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For once, Uber takes it up the tailpipe: Robo-ride gets rear-ended
First California accident, caused by inconsiderate human
The Uber self-driving program has had its first accident in California since regaining permission to experiment on the roads – and for a change, it wasn't Uber's fault.
According to an accident report [PDF] filed with the San Francisco Department of Motor Vehicles (DMV), the Uber car – a Volvo XC90 – was waiting to turn right across a busy road in the Inner Richmond district in San Francisco when it was hit from behind.
The Uber vehicle had stopped on Geary Boulevard to turn onto 3rd Street and was waiting for pedestrians to cross – a common event in bustling San Francisco. The Uber operator had even disengaged the self-driving system (presumably to avoid the risk of running down people) when a Toyota Tacoma rear-ended it.
It doesn't sound like a big collision: Uber reported only "minor damage" to the Volvo but it was enough to cause "wrist discomfort" to the co-pilot. They didn't call the police and no injuries were reported. The crash happened on August 16 at 2:55pm and was reported on Friday.
However, Uber has to be careful given its testing status with the DMV and the fact that people remain understandably cautious about huge chunks of metal being moved around at great speed by computers.
Uber is on thin ice with the California authorities, despite the state leading the way with self-driving technology. Back in December, the DMV revoked the registrations of 16 Uber self-driving cars after the company decided it didn't need to apply for a permit to let its computer drive around San Francisco. Turns out it did.
Not only that, but the company's cars were failing to understand and respond legally to bike lanes, presumably because the software engineers hadn't thought about that.
We also now know from texts sent between former Uber CEO Travis Kalanick and its former head of self-driving tech Anthony Levandowski that the Palo Alto DMV in Silicon Valley was also very nervous about self-driving truck tests that were being carried out by Levandowski's Ottomotto, prior to the company being bought by Uber.
"Just wrapped with the DMV, it was the city of Palo Alto freaking out about AV trucks testing and were asked to investigate. The guys were happy with our answers and we're in the clear," Levandowski texted.
The intersection in San Francisco where the accident happened earlier this month
Despite claims that self-driving technology will ultimately save thousands of lives (because a lot of humans are, frankly, terrible drivers), and despite some lawmakers going to bat for the very large tech companies racing to perfect the technology, the fact remains that people are very skeptical about the idea.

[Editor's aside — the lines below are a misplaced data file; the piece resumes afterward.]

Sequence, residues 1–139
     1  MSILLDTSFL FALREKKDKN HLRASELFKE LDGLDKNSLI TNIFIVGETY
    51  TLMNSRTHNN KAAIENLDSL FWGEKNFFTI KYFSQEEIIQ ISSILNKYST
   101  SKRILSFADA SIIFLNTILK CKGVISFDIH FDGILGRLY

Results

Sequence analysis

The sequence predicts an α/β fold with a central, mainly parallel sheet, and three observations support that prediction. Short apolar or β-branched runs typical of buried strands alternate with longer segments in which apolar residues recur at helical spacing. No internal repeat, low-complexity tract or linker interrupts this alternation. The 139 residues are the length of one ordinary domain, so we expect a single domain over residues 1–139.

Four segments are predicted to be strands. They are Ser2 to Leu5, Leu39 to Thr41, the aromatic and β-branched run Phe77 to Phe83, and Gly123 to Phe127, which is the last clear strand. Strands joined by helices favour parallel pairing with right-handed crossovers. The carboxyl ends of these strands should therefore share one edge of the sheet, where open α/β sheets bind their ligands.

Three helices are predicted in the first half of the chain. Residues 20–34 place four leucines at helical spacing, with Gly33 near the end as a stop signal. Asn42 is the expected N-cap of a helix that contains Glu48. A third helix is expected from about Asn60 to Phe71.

And for good reason. When Uber was booted out of California, it moved its testing to Arizona. Soon after, one of its cars got involved in a crash in which it was T-boned at an intersection and ended up on its side.
Uber claimed it wasn't its fault – it was driving under the speed limit and had done nothing wrong. Except an investigation into the crash revealed that the Uber went through a yellow light at 38mph (in a 40mph zone). The Uber Volvo SUV was hit as it crossed an intersection by an oncoming car that was turning left.
It was legal, but one witness said that it was the Uber car's fault for "trying to beat the light and hitting the gas so hard." And another said that the car had come "flying through the intersection."
And that is the key distinction: where a human driver would typically exercise caution, even if they were legally in the right, a computer follows the rules it has been programmed with.
The hope is that with thousands of hours of testing, the self-driving programs will build up sufficient knowledge of different scenarios to drive more safely than human drivers.
The big question is: where do we allow the cut-off? When a self-driving car is better than the average human driver? Or do we need a higher standard for computer-driven cars? And how do we measure that?
Of course, while Uber is playing things safe and getting hit by other cars, Tesla is somewhat arrogantly insisting that the death of one driver thanks to its systems' failing wasn't its fault because the human driver didn't notice the truck either.
And then there was the curious case of the crash where the driver decided that auto-pilot wasn't actually on when he had previously told the authorities it was. It had nothing to do with the phone call he'd had with Tesla in between. ®